Be Proactive to Protect Kids from Online Pornography

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Published September 13, 2023

By Laura El Alam

Islam is distinguished by its commitment to wholesomeness and purity, but sadly Muslims are not immune to the dangers of pornography. Our children, in particular, are at risk of falling into its trap. If we have a computer in our home, and especially if our child has a smartphone, an almost limitless supply of sexually explicit material is merely a click away.


We Muslim parents must not bury our heads in the sand about this issue. Although it might make us uncomfortable to talk about pornography with our kids, we absolutely should. In addition, we need to take proactive measures so that pornography stays out of our children’s hearts and minds. It is as addictive as a drug, and our children most likely will be exposed to it, whether by accident or by choice. Studies show that most young people are exposed to porn by age 13, and according to a survey of U.S. teens, “84.4% of 14-18 year-old males, and 57% of 14-18 year-old females have viewed pornography.”


Muslim parents might think their children are safe because of their careful upbringing and religious values, but even children from good families can easily come across inappropriate images. Sometimes one accidental glimpse is enough to ignite curiosity that eventually leads to addiction. According to an article in Medium, “Statistically, a Muslim teen is far more likely to be addicted to pornography than to alcohol.”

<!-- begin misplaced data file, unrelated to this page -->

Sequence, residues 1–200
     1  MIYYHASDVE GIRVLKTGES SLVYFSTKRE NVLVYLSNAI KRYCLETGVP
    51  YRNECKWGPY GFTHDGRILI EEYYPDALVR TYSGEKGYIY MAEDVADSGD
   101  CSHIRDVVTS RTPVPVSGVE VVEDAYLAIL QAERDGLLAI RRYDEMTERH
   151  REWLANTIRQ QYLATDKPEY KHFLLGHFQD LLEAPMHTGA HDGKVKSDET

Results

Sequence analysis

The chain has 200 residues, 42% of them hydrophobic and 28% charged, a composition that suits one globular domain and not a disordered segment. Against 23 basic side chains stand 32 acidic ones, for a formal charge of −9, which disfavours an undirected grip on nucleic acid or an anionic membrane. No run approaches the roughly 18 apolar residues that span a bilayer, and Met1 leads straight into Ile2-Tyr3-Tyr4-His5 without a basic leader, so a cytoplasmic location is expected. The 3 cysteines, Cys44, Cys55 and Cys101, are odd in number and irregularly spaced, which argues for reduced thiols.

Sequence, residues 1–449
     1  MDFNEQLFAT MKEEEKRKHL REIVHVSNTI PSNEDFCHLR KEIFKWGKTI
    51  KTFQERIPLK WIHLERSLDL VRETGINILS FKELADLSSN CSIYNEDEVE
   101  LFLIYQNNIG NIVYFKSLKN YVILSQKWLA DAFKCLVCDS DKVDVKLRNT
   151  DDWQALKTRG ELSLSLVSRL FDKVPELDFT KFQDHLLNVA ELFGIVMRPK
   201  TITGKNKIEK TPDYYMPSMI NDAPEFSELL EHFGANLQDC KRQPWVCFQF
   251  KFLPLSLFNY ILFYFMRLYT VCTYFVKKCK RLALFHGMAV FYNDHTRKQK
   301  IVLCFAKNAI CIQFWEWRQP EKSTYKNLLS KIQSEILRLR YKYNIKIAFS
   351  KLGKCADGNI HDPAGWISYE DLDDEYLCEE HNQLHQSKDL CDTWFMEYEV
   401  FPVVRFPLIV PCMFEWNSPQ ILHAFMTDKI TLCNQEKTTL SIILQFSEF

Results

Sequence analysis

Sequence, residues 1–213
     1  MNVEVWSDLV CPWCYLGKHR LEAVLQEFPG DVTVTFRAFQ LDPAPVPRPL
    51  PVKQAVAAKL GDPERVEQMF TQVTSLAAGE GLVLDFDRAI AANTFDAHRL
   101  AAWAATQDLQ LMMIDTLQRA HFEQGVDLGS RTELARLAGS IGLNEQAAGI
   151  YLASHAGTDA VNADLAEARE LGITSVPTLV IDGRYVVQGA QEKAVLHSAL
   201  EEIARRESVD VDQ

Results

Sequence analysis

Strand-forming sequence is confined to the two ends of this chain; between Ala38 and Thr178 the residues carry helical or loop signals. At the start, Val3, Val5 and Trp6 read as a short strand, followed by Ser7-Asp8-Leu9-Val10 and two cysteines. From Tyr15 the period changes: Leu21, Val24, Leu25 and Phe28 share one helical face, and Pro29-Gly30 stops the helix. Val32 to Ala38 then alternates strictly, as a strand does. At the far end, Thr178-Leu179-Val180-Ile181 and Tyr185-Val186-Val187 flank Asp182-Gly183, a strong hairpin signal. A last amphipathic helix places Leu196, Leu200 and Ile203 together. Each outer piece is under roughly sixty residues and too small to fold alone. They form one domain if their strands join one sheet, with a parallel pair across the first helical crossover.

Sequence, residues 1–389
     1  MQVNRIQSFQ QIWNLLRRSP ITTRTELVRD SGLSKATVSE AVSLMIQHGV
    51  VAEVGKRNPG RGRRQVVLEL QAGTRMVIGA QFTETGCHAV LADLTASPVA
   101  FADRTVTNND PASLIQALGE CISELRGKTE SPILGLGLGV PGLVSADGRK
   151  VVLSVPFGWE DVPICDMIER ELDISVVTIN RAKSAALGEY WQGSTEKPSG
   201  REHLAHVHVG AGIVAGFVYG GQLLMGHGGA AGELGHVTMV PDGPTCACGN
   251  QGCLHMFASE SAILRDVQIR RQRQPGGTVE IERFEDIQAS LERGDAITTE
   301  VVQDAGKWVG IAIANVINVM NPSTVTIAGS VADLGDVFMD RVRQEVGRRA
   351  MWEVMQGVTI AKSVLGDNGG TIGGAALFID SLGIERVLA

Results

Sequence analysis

I remember many years ago, my friend’s young son needed to write a report about the White House (the home of U.S. presidents). He innocently googled “white house,” and it led him to a pornography website. Because he had a positive relationship with his parents and was not afraid of being blamed or punished for his mistake, he went right to his mother and explained what happened.


ProtectKidsOnlineCa explains, “Most often children are accidentally exposed to explicit material by incorrectly typing in a web address or words into a search engine and they unexpectedly find they are on a site they did not intend to visit. Nonetheless, research suggests that early exposure to sexually graphic material is likely to have a negative influence and a potentially harmful impact on children.” These days, pornography is frighteningly commonplace and accessible. According to an article on the website Fight the New Drug, “Today, porn sites receive more website traffic in the U.S. than Twitter, Instagram, Netflix, Pinterest, and LinkedIn combined.”

In addition to violating Islamic principles, consuming porn has numerous negative effects on our health. According to Fight the New Drug, “A number of peer-reviewed studies have found a link between pornography consumption and mental health outcomes like depression, anxiety, loneliness, lower life satisfaction, and poorer self-esteem and overall mental health. These studies have found that these links are particularly strong when pornography is consumed to try to escape negative emotions, and also when pornography consumption becomes heavy and compulsive.”


Here are some steps we can take to protect our kids from pornography:

  1. Talk about it openly and calmly. If kids don’t find out about it from their parents, they will likely hear about it – or even receive links to it — from friends. It is much better that they learn about porn from a mature, informed, Islamic standpoint.


Even if you hate the very idea of sexually explicit material, don’t turn your discussion into an angry, disgust-filled lecture. The key is to be calm and factual and to connect with your child, letting them know that you care about them and want to protect them from harm.


If kids feel that porn is a topic that will enrage you or cause you to shame them for even asking about it, they will likely never approach you with questions, or admit that they’ve come across it. So, make sure you approach this topic with gentleness and wisdom, mixed with the firm resolve it deserves.